ich had been officially designated the Nineteenth army corps.
With this, he was expected, in cooperation with Grant's efforts up the river, to reopen the Mississippi, expel the Rebels in arms from Louisiana, and take military possession of the Red River country, with a view to the speedy recovery of Texas, whose provisional Governor, Gen. Andrew J. Hamilton, surrounded by hundreds more of Union refugees, was with him at New Orleans, and naturally anxious for an immediate movement upon their Stpossession of it was imperfect and debated.
Beyond and above, all was Rebel; while fortifications at Butte à la Rose, well up the Atchafalaya, and Fort Bisland, at Pattersonville, on the Teche, were intended to bar ingress by our gunboats from Red river or by our land forces from New Orleans.
Fort Bisland was flanked by Grand Lake on the right, and by impassable swamps on the left; a Rebel force, estimated [too high] by Gen. Banks at over 12,000 men, held these strong works and the adjacent c
n Texas, 341; his operations in Texas and on Red River, 536 to 546; is routed at Sabine Cross-roadsg, Col. O. P., encounters a Rebel force near Red river, 589.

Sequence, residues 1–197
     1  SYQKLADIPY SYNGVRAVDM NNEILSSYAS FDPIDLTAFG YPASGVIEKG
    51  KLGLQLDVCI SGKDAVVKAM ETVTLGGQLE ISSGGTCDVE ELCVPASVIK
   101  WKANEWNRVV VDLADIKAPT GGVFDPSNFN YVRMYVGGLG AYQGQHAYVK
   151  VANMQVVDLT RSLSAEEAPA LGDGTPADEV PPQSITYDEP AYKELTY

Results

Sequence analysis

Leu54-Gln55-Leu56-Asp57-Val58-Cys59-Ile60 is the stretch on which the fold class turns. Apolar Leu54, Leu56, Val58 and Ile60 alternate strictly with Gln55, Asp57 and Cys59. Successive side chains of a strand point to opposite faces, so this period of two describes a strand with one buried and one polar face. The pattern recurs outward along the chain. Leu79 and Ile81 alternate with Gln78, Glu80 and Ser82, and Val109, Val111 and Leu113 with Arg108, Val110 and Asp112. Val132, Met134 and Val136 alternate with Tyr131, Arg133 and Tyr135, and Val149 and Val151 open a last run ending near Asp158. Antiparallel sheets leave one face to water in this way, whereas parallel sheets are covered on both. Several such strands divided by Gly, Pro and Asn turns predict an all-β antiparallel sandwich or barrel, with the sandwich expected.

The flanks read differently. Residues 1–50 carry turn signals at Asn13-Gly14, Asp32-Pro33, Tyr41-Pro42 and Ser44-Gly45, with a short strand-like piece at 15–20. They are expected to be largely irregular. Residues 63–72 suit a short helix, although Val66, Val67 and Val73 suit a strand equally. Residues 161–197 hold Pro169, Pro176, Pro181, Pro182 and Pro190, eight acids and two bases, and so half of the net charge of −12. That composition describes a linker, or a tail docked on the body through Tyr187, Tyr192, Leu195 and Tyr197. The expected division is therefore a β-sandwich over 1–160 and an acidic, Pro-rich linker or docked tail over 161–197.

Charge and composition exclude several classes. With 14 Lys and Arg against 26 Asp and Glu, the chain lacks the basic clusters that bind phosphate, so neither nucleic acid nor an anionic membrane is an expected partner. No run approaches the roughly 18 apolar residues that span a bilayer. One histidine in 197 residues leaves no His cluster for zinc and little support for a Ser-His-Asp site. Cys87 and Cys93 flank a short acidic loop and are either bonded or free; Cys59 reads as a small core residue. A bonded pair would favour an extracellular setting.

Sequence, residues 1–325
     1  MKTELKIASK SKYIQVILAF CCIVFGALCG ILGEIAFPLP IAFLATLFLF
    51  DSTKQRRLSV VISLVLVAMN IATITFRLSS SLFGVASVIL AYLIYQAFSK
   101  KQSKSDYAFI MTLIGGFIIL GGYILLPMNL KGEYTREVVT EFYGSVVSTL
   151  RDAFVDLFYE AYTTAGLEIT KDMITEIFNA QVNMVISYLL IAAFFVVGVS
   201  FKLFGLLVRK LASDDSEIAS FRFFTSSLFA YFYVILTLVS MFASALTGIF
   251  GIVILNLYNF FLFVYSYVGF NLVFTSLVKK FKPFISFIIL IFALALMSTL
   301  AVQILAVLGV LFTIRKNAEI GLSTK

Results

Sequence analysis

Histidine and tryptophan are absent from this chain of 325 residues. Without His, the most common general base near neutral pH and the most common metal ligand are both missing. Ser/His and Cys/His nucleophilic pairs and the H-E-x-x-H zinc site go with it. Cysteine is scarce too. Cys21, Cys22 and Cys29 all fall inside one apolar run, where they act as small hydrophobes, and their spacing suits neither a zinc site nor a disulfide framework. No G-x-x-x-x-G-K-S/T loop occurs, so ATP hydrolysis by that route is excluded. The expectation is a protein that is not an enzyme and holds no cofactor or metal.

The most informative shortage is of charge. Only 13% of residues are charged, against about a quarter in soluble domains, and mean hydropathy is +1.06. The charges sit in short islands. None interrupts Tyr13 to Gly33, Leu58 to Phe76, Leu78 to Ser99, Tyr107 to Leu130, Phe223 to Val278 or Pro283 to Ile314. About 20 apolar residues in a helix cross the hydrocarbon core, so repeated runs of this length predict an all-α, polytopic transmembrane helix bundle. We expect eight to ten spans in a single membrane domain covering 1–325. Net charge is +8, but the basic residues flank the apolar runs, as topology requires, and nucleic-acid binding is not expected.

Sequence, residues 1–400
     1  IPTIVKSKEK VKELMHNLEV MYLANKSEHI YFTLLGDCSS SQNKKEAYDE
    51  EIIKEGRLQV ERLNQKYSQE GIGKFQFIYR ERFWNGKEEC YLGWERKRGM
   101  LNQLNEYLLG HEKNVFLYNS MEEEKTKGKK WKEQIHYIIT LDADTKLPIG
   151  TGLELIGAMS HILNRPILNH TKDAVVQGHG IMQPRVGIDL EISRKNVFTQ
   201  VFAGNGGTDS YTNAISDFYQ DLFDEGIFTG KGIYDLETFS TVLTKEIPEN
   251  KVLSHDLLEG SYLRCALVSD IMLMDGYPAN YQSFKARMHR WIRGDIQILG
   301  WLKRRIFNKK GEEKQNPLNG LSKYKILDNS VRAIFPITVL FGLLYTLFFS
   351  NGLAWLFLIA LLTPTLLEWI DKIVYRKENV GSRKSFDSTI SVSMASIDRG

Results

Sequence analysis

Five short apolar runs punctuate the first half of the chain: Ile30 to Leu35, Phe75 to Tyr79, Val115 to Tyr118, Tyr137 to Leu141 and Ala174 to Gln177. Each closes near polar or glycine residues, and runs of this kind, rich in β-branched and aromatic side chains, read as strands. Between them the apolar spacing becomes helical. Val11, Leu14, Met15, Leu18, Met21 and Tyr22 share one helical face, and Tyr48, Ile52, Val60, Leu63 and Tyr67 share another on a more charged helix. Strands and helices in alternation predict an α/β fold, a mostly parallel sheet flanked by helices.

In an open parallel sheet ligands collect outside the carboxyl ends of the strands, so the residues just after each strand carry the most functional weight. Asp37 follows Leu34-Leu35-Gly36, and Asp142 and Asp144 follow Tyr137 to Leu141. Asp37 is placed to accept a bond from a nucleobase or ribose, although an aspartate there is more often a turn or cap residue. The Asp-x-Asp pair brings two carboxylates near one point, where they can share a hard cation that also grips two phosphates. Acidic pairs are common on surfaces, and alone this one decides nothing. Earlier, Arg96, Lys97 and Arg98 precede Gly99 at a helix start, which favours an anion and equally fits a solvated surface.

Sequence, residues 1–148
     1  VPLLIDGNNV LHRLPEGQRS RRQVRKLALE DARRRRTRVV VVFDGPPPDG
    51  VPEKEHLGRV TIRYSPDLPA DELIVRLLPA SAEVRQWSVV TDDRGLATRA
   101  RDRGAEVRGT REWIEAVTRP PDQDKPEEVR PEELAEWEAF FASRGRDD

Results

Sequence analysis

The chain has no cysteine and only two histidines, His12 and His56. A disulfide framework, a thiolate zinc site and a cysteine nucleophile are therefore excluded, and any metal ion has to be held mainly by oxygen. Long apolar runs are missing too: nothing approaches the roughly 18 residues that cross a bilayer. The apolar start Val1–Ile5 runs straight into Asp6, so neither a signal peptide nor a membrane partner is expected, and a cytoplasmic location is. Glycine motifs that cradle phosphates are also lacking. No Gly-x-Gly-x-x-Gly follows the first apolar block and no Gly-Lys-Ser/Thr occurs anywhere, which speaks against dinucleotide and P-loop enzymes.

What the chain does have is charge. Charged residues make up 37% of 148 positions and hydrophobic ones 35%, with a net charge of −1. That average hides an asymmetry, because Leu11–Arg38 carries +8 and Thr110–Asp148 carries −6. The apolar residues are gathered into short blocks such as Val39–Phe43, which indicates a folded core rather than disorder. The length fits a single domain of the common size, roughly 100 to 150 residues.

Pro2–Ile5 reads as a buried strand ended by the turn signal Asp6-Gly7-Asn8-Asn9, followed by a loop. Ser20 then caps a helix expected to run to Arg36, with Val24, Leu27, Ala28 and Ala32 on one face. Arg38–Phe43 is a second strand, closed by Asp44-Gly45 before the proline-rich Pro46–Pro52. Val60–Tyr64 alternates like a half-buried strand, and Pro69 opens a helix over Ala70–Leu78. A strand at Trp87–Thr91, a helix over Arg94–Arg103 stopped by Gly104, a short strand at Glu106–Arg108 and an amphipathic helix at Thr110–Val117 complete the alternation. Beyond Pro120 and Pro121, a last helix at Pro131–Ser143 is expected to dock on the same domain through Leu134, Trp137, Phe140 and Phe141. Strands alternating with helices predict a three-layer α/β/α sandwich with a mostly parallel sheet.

Gooding, Gen., taken prisoner, 220.uhatchie, 435.
Green, Gen. Tom, killed on Red river, 548.
Gregg, Gen., taken prisoner at Farmoats, captured and destroyed by the enemy on Red river, 550.
Guntown, Miss., Sturgis routed at, of the Potomac, 171.
Lee, Gen. A. L., on Red river, 536 to 546.
Lee, Lt., killed at Galvestoills, 307; at Vicksburg, 311; at Alexandria, Red river, 550.
McCook, Gen. A. D., at Perryville, s Fort de Russy, 537; his fleet working down Red river, 547-8; his estimate of losses — both sides Reams's Station, Hancock's fight at, 593.
Red river, rescue of gunboats on the, 549; 550; capturghts Brannan at Pocotaligo, 463; retreats up Red river before Gen. A. J. Smith, 537; killed at DecaWarren, Gen. Fitz Henry, reenforces Banks on Red river, 550.
Warren, Gen. George S., at Gaines's